Standing Up on the Inside

balloon-manA father took his boy into a toyshop. The boy got away from his dad and found a statue of a man made of balloons. The boy looked at it for a minute, and then he drew back his fist and hit the balloon man just as hard as he could. The man fell over, and then popped right up.

The confused boy backed off and looked at him again and then hit him again as hard as he could. Again the man fell over, and again he popped right back up.

The boy’s father walked around the corner and saw his son hit the balloon man. The father asked the son, “Why do you think he comes back up when you hit him and knock him down?”

The boy thought for a minute and said, “I don’t know. I guess it’s because he’s standing up on the inside.”

Paying to Wave

waving goodbyThe poet Rupert Brooke (1887-1915) set out to travel by boat from England to America.  Everyone on deck had someone there to see him or her off—everyone except him.  Rupert Brooke felt lonely, terribly lonely.  Watching the hugging and the kissing and good-byes, he wished he had someone to miss him.

The poet saw a youngster and asked his name.

“William,” the boy answered.

“William,” he asked, “would you like to earn a few shillings?”

“Sure, I would!  What would I have to do?”

“Just wave to me as I leave,” the lonely man instructed.

It is said that money can’t buy love, but for six shillings young William waved to Rupert Brooke as the boat pulled out.  The poet writes, “Some people smiled and some cried, some waved white handkerchiefs and some waved straw hats.  And I? I had William, who waved at me with his red bandana for six shillings and kept me from feeling completely alone.”

My Speedster Mother-in-law

My wife has a very heavy foot when she drives but it’s a genetic problem. Her mother has a family reputation for speeding.

Over the years, my mother-in-law never seemed to remember that patrol cars lie in wait on county roads as well as interstates. She was often stopped en route to take her invalid father to the doctor. She would tell the officer her sad, sad story—how sick her dad was and how they were running late for their doctor’s appointment because she’d had such a hard time getting him into the car—and he’d buy into it and let her go.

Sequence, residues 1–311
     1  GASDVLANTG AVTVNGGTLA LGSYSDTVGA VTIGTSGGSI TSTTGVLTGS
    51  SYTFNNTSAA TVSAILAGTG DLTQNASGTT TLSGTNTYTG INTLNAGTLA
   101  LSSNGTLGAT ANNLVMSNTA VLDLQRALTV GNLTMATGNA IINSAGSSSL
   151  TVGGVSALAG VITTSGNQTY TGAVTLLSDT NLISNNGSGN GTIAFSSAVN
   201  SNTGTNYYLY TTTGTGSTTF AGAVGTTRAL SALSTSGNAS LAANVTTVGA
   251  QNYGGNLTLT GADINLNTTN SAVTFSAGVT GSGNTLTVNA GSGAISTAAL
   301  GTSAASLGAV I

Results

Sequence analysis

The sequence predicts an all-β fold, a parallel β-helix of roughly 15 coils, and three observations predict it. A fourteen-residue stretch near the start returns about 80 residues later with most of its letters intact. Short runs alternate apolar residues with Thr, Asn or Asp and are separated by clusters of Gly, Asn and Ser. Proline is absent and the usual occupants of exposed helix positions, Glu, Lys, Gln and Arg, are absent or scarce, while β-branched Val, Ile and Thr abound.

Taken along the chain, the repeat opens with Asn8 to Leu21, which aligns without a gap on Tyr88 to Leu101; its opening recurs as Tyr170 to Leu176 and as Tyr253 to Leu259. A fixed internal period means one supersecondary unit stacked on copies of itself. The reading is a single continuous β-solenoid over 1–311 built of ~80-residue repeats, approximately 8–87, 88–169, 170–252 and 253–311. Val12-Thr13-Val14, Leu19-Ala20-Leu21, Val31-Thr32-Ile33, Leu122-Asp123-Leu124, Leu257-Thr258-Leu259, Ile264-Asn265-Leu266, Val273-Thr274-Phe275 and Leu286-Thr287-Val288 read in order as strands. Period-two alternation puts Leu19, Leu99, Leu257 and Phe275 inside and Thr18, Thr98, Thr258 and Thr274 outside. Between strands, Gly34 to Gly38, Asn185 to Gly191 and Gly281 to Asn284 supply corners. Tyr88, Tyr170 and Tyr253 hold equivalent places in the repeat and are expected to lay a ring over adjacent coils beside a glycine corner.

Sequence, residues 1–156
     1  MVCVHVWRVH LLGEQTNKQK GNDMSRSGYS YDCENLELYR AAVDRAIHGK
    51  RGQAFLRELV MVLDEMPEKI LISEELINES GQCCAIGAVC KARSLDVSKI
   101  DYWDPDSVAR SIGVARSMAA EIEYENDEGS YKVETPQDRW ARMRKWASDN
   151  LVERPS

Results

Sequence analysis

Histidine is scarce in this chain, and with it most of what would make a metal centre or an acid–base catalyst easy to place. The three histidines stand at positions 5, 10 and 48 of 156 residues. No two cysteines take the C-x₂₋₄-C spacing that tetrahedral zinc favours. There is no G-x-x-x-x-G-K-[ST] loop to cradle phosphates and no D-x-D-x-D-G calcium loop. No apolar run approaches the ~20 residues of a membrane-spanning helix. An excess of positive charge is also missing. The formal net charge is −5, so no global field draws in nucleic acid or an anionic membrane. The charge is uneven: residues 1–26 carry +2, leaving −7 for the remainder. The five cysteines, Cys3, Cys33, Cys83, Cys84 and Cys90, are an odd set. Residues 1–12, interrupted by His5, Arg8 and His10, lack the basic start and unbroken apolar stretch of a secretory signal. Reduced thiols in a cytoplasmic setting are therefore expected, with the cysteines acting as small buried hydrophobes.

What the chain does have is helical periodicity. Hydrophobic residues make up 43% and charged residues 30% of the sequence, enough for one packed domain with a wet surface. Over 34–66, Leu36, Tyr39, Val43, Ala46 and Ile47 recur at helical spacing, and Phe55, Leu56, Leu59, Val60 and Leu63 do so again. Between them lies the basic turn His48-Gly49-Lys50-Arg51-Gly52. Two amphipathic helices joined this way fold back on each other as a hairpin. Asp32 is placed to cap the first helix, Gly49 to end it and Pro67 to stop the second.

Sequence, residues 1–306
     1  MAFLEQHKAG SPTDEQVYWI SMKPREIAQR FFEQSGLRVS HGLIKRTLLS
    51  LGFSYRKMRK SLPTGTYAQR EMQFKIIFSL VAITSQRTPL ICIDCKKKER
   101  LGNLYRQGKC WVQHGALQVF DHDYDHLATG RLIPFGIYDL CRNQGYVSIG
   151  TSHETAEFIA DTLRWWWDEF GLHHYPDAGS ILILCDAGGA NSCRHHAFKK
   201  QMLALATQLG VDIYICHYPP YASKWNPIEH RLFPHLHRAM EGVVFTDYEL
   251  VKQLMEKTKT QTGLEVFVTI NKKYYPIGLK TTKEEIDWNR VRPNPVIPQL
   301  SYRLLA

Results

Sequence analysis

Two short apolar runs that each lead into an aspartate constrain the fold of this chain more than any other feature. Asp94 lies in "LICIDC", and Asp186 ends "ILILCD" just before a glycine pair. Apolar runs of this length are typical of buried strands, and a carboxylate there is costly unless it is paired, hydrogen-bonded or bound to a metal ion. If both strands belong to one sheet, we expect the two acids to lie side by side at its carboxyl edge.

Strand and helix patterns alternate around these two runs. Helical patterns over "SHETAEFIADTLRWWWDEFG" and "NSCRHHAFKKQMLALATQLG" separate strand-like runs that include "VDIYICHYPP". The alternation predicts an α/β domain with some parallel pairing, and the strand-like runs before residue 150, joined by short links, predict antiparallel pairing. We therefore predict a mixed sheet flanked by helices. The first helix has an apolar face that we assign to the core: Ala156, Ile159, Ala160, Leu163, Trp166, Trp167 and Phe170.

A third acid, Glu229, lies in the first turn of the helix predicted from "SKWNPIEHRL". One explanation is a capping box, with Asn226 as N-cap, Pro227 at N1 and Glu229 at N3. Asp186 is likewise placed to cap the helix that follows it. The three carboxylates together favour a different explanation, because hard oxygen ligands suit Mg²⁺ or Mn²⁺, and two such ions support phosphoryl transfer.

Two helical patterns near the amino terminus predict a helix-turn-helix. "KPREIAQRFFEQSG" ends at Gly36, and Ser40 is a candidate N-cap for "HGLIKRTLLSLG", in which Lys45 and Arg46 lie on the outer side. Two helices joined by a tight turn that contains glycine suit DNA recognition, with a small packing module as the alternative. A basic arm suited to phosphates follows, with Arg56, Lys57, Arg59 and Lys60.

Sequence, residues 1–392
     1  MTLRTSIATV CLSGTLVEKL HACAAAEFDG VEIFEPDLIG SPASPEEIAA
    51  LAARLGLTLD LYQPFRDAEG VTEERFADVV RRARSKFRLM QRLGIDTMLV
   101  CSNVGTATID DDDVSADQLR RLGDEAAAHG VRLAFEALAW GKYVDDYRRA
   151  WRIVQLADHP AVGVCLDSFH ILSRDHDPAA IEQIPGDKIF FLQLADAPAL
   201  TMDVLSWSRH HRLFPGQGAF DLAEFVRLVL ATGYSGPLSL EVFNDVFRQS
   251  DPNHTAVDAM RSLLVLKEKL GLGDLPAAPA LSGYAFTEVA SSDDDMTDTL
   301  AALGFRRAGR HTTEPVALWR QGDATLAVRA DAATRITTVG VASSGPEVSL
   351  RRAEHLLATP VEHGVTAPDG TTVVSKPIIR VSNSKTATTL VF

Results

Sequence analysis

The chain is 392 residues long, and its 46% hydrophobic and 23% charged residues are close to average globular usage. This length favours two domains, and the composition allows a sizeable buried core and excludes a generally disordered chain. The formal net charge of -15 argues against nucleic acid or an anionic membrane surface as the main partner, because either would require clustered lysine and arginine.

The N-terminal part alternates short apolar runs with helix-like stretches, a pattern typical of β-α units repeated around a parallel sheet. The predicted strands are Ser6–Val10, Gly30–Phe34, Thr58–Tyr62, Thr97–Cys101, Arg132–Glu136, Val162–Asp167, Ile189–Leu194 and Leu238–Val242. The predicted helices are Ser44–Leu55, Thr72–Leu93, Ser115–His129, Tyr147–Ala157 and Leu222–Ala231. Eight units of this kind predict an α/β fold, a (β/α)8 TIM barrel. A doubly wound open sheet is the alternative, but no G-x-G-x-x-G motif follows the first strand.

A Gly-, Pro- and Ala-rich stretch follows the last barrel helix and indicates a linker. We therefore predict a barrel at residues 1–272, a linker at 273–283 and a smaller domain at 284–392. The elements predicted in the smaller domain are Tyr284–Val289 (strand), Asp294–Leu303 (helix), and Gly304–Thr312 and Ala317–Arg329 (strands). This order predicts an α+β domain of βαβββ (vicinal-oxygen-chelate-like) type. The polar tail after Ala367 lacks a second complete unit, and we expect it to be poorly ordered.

Mrs. Bradley kept count of how many times she was stopped for speeding, and took pride in the fact that she never got a ticket. In fact, our son is her oldest grandchild, and on his 18th birthday, she, hurrying to his party, was stopped for the 18th time. She couldn’t wait to tell it at the party, because she thought it was quite the coincidence!  Of course the officer let her go because she told him she was late for her grandson’s birthday party.

Finally, after she’d been stopped an even 25 times, she decided it was time she paid her dues. She never denies that she’d been speeding, you understand—she’s just good at talking her way out of situations. So she resolved that the next time she was stopped, she’d take her medicine without a word.

It didn’t take long. Upon hearing the siren and seeing the flashing lights, she calmly pulled over to the side of the road and got out her driver’s license. The officer came to her window and she started pushing buttons to get it down. She pushed and punched and nothing happened. She threw up both hands in disgust.

“This is a new car, and I have no idea how to get the window down!” She shouted to the policeman. She opened the door and he started examining the buttons on the door, finally figuring out how to lower the window.

He showed her how to operate the windows, and then gently said, “Now Mrs. Bradley, I can see this is a new car and you just aren’t familiar with it yet. You were speeding, but it’s understandable, so I’m not going to give you a ticket this time. You just be careful now, you hear?”  And he let her go. Even when she thought it was time to pay for her excessive speed, she got a pass.

Class Attendance

A professor talking about class attendance said that he had no illusions that attending his class was essential to get “A’s” in his course.

I recall the story of a student who attended just the first class of the semester and did not show up again until the final exam. He scored 95% on the exam. The professor was shocked because she knew he hadn’t come to class all semester. She wrote “See me” on the cover of the exam. After the exams were passed back and the class was over, the student approached the professor and said, “You wanted to see me about my exam?”

The professor responded, “Yes. How did you get a 95 on that exam?”